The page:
Thursday, January 14, 2010
Jingle bells in January with sleigh robes
If I were to make New Year's resolutions, which I don't do, one of them would be to post more on this blog. It's the runt of the litter of three blogs I maintain. It got started later than the others and usually gets pushed aside when I'm rationing out writing time for the blogs.
So for the first post of the new year, here's a winter-related item--a billhead for a company that manufactured sleigh robes, among other driving goods for sleighs and, I would assume, carriages.
Nothing too fancy on this billhead, but I was interested in the product. I had never heard the term "sleigh robe" before, so I did a little digging.
This would have been a timely post before Christmas, but...
Jingle Bells, though associated with Christmas, was not intended as a Christmas song when James Lord Pierpont published it in 1857. It's primarily a winter song associated with riding in a sleigh that evolved into one of the most popular Christmas songs ever.
Dashing through the snow,
in a one-horse open sleigh...
Jingle bells, jingle bells,
Jingle all the way;
Oh! what fun it is to ride
In a one-horse open sleigh!
No references to Christmas, just a ride in the cold and snow. So how did those folks keep warm in that open sleigh dashing through the snow? With sleigh robes, of course. Heavy, warm blankets of animal hides from buffalo, bears, cows, horses, beaver, or whatever got the job done. In the early days, more plentiful animals were used like beaver, bear and buffalo. I've read accounts of raccoon furs being used also.
L. Zechiel, located at 554 Broadway in New York City, is the company on the billhead. The date of the transaction is Aug. 31, 1888. As the small print under the company name indicates, L. Zechiel imported animal skins for making sleigh robes. And as the animal graphic on the billhead indicates, some pretty exotic skins were imported for more discriminating tastes in keeping warm in open sleighs. The company used the image of what appears to be a tiger on their billhead. A tiger hide sleigh robe? I hope not, but back then who knows. Probably.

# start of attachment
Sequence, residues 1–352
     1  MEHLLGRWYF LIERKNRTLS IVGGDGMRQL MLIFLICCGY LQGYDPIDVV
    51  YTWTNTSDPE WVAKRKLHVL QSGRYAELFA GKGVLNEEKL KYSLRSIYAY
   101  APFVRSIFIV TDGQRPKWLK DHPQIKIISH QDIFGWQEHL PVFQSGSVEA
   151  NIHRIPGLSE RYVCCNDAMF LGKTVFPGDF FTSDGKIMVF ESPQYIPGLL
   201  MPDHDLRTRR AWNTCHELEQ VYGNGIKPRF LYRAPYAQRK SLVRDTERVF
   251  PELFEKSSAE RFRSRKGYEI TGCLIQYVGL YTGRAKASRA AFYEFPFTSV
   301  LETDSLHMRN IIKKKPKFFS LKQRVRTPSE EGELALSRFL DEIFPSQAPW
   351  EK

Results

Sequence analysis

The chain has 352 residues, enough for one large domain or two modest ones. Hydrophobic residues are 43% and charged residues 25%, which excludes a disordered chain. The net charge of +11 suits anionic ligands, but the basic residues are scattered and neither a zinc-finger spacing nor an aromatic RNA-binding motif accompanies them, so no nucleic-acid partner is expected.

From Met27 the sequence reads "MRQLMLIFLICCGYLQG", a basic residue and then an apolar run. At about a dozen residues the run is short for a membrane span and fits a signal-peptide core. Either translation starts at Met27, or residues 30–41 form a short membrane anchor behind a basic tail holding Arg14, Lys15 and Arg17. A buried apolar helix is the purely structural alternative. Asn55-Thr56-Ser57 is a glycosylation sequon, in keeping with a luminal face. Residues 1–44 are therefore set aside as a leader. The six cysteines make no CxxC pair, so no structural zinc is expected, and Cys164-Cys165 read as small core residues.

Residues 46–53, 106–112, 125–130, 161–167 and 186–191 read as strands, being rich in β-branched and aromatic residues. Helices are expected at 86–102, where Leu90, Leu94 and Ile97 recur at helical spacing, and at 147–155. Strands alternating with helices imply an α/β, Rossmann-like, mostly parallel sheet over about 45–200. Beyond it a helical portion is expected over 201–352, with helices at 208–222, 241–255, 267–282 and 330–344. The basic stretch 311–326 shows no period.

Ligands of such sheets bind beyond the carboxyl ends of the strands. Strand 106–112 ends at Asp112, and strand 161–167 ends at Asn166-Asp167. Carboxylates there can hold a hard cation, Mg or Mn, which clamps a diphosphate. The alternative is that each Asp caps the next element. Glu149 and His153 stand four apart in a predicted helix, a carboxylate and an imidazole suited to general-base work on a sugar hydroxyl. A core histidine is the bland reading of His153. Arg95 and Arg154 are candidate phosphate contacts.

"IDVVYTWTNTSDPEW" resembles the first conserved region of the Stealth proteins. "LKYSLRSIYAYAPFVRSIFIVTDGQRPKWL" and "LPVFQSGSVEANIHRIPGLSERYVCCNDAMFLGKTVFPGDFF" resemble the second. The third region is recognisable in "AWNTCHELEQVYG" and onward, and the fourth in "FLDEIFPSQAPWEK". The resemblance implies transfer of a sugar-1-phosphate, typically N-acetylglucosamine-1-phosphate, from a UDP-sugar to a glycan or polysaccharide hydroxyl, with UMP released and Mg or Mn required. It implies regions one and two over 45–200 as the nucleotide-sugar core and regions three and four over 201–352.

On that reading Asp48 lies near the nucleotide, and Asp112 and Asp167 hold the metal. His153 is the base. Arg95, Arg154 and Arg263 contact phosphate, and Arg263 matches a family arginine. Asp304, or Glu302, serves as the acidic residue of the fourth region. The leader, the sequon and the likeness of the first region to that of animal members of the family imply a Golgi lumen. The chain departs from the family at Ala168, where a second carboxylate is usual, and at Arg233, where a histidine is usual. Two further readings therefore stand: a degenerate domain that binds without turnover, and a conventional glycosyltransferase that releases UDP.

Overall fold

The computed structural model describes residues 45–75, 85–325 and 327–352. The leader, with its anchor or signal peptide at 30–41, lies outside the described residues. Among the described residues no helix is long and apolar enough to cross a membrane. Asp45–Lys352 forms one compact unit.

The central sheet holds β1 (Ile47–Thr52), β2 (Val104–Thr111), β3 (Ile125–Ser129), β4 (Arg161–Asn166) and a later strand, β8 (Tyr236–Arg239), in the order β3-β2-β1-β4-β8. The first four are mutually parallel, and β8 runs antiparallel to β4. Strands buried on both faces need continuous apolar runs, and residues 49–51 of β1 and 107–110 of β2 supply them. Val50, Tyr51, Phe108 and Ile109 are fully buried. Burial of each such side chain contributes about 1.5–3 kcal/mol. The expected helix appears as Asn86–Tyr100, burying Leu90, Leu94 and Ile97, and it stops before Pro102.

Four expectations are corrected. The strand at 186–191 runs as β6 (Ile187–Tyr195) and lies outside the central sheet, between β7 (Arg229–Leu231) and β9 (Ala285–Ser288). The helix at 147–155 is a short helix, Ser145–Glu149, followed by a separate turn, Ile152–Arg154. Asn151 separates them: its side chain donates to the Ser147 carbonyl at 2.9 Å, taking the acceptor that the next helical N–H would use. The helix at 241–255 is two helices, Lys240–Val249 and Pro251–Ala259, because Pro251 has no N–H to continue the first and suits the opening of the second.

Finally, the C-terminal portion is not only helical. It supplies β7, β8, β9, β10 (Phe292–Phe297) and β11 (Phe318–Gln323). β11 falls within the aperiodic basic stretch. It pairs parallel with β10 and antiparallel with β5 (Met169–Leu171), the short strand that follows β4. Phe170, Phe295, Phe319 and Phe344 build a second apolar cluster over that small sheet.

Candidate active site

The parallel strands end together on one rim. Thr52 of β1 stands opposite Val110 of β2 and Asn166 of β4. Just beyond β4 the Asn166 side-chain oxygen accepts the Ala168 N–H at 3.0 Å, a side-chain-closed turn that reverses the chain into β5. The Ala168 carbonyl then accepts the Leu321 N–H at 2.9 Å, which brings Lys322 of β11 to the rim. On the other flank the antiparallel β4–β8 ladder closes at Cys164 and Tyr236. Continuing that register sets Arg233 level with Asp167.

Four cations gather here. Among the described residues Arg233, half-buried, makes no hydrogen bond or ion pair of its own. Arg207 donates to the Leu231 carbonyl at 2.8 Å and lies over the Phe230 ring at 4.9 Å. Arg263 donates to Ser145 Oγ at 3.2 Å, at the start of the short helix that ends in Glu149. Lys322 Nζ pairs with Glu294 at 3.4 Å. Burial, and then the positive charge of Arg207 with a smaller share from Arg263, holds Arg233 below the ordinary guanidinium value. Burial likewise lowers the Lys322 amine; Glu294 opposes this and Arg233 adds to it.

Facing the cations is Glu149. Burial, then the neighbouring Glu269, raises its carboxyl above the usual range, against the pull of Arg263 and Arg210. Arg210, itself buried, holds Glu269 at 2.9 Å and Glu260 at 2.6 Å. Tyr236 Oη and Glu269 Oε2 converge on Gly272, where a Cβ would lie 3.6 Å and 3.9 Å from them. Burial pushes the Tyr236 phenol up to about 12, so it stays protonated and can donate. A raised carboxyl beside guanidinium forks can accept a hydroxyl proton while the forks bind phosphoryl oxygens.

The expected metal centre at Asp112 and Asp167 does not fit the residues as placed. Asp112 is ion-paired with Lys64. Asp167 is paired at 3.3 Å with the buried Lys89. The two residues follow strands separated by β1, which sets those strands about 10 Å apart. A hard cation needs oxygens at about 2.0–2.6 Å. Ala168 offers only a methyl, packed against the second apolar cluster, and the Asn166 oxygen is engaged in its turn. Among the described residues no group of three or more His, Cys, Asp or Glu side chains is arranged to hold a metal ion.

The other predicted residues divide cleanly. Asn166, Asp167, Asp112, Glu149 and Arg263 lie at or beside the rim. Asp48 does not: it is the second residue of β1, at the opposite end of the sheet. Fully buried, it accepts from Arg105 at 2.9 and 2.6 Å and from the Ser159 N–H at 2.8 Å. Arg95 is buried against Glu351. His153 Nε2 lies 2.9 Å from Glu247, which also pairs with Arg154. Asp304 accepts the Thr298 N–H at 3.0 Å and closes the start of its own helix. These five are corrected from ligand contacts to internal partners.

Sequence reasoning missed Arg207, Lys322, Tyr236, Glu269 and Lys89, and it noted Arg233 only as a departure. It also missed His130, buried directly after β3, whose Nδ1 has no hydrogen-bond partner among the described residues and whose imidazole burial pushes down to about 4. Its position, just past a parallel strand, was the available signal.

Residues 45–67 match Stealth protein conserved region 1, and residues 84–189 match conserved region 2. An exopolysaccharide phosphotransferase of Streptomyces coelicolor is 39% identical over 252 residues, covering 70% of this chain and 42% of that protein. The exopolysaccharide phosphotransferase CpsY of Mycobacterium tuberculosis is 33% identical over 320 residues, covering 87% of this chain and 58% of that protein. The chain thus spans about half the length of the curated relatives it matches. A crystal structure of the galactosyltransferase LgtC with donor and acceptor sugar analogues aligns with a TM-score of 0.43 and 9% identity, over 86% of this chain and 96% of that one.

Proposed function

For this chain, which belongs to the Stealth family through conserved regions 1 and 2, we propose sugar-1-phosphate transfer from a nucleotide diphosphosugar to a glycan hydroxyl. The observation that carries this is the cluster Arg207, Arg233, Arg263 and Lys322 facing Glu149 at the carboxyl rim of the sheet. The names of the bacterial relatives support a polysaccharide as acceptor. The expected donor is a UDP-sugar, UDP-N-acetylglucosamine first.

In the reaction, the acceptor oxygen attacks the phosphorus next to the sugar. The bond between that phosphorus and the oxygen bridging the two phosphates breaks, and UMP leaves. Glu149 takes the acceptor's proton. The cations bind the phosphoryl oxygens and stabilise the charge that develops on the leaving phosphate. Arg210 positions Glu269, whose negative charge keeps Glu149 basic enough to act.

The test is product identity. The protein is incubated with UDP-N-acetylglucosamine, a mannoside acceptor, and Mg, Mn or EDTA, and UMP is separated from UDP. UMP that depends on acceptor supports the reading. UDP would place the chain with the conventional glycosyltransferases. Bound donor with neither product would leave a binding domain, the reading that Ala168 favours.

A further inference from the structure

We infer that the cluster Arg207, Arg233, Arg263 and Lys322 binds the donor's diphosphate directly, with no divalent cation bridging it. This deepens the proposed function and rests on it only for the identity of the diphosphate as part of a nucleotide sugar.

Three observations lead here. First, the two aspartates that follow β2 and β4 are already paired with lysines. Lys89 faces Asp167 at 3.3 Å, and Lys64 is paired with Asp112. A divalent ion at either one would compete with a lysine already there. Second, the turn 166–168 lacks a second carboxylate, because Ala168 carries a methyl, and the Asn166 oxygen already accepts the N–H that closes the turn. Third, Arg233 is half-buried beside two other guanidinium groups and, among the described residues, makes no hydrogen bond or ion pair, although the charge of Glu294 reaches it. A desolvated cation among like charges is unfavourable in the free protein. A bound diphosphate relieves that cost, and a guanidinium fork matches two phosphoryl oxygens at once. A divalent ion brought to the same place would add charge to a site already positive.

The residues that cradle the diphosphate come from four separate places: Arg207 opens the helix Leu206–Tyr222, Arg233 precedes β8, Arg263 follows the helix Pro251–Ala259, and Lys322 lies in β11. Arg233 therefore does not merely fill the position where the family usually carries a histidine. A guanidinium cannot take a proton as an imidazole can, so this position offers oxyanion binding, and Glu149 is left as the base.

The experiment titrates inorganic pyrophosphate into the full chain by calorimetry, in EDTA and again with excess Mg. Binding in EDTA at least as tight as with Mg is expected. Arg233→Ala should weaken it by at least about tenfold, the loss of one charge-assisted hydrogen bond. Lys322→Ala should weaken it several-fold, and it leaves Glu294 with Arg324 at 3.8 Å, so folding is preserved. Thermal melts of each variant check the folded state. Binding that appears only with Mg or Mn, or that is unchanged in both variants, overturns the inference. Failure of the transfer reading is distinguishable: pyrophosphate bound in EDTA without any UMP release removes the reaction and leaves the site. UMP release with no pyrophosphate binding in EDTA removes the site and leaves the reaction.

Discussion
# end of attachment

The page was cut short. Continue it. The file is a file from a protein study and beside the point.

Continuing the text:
Growing up in Texas and in the latter half of the twentieth century, I had never heard of a sleigh robe, but I guess I should have. I have an old 1920s photograph of my grandfather driving a sleigh in New Hampshire, taking some of the family down off the hill where they lived to the state road where they could have gotten into a car and been on their way. For the sleigh ride, they must have kept warm with a heavy blanket or old sleigh robe.
Also, my wife and I opted for a buggy ride in New York one chilly night after a Broadway show instead of walking in the cold air back to our hotel. I remember now that the driver covered us in a thick, warm blanket for the ride, as the temperature had dropped into the 30s. A modern day sleigh robe, I suppose. I don't recall any orange stripes or exotic patterns.
Curious about what business might now occupy 554 Broadway, I typed the address into a Google search and came up with Banana Republic at 552-554 Broadway in NY. Talk about opposite ends of the retail spectrum. I'd be willing to bet all I have that you can't buy a sleigh robe today at Banana Republic.